I’ve never had the courage to ‘psyche’ at the bridge table, but I grudgingly admire those who do. Sally Brock and I were well and truly kippered at the recent European women’s pairs championships when, neither side vulnerable, I opened 1♣ holding AK43, K986, J4, 854. Our innocent-looking young Dutch opponent found the gutsy overcall of 1♥, holding QJ52, 42, Q1085, Q97. Sally held 87, AQJ1073, AK, A106 — and felt, quite reasonably, that she had no option but to pass. So the Dutch woman played in 1♥ undoubled, five down — a great result, given that we were making 4♥ plus one.
One of the most famous psychers of all time was Adam ‘Plum’ Meredith, the brilliant and eccentric Irish player who won the world championships in 1955. As one of his partners said: ‘For Plum, a three-card suit is not only biddable, it is rebiddable. More, it is playable.’ Plum was particularly fond of opening a spade, regardless of his spade holding. The following rubber bridge hand was typical:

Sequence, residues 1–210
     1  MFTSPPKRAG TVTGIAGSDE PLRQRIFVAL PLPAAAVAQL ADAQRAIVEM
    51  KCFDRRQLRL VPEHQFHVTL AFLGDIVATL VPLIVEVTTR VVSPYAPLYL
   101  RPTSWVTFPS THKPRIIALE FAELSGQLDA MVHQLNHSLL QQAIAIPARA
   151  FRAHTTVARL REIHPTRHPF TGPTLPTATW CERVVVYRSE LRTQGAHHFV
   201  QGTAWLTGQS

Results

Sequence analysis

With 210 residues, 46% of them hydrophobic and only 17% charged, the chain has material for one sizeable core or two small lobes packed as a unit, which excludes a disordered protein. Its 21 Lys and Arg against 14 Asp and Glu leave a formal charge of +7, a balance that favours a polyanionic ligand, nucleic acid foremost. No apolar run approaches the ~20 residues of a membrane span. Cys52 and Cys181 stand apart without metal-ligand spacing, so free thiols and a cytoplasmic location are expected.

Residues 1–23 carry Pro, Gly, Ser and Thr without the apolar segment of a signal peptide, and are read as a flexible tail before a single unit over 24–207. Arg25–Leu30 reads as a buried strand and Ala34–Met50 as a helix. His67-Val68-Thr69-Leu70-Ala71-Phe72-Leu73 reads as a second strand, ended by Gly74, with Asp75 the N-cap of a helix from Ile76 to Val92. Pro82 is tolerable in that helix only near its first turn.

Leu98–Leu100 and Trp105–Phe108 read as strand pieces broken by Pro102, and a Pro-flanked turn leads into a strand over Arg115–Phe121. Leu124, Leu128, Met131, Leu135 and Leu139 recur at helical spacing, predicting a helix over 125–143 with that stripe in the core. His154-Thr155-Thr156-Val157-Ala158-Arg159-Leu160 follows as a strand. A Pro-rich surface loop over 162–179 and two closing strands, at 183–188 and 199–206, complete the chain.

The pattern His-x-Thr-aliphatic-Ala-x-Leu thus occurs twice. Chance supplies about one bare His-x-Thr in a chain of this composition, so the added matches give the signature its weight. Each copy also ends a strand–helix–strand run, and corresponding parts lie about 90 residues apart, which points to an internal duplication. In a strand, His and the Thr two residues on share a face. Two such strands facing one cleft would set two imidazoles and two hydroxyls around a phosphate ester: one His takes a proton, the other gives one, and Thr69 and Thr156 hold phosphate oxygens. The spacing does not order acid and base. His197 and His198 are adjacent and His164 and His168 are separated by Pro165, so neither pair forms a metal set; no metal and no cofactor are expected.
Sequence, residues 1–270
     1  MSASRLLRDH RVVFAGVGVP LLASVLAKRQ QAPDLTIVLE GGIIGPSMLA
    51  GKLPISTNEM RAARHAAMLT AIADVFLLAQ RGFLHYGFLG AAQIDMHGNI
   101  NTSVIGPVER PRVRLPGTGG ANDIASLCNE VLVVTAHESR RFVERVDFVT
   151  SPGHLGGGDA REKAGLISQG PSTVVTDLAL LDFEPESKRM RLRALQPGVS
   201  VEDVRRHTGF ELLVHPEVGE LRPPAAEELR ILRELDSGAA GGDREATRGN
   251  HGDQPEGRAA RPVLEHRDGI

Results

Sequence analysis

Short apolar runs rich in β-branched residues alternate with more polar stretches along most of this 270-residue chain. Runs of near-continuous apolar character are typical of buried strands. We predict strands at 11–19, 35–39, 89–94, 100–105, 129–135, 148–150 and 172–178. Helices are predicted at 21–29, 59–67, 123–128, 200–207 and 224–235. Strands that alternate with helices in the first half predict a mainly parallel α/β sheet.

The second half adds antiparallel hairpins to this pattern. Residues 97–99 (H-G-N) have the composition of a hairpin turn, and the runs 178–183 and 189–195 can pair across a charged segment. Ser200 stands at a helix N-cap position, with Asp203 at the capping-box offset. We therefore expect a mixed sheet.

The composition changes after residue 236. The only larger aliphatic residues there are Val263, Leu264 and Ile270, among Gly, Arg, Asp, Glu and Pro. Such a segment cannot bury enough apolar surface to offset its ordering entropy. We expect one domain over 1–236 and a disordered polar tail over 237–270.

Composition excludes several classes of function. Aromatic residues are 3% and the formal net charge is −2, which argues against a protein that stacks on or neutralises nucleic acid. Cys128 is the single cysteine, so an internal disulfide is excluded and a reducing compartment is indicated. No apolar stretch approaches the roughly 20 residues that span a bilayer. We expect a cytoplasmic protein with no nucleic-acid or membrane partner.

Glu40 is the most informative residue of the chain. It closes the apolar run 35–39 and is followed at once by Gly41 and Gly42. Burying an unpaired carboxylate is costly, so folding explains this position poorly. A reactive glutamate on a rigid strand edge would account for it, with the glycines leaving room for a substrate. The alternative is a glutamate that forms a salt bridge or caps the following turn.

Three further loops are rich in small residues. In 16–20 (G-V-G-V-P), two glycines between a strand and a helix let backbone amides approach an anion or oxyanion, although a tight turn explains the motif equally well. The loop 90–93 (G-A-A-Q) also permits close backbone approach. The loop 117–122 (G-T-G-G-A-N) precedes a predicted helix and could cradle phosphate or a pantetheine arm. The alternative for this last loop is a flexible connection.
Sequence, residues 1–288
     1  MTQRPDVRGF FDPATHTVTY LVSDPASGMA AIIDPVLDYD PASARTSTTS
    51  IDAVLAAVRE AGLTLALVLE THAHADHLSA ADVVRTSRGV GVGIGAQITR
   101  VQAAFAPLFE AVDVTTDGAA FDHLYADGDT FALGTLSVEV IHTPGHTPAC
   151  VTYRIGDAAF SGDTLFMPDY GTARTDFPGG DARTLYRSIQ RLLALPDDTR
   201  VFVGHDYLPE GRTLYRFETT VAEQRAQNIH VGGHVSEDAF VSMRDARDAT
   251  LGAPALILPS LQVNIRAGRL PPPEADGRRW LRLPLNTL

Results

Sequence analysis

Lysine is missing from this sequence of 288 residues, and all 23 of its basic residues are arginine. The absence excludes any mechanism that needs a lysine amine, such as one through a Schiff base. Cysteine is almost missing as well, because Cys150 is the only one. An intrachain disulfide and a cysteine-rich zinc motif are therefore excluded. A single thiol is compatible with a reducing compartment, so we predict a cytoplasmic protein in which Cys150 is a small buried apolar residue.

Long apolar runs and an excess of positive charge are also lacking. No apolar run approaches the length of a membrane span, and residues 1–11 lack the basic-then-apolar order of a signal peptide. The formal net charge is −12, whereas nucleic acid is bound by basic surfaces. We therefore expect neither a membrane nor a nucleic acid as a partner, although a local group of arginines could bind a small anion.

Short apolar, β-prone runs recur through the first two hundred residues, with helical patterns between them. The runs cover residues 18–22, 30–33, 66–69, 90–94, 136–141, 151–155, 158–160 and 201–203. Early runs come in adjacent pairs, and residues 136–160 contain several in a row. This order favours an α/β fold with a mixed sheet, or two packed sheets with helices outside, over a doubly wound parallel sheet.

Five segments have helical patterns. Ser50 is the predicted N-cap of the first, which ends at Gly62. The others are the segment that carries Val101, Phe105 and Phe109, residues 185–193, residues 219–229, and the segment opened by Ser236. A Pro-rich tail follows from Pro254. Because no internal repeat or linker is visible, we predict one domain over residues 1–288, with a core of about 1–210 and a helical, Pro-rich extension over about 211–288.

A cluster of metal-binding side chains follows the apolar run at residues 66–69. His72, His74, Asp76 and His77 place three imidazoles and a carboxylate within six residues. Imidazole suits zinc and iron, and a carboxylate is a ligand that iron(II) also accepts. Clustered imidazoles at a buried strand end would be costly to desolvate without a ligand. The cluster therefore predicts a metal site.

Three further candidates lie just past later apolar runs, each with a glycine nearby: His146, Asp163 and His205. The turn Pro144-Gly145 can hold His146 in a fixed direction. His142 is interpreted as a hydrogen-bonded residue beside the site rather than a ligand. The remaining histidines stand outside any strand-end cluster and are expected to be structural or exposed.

After Plum’s 1♠, his partner bid 2♣, and when Plum bid 2♦, he jumped to 4♦ — a slam try, given the part-score. Plum figured his partner had short spades, long solid clubs and two aces — just the ticket. West led a spade. East overtook and led back a heart. Plum won, drew trumps, established clubs by ruffing and claimed. When West scolded his partner for not returning a spade at Trick 2 to shorten dummy’s trumps, Plum retorted that it wouldn’t have worked. He would ruff the spade, come to hand with a trump, and ruff his last spade with the ♦A. He’d then cash his ♥A and his remaining trumps. On the last trump West, holding ♥K and ♣J875, would be squeezed in hearts and clubs.
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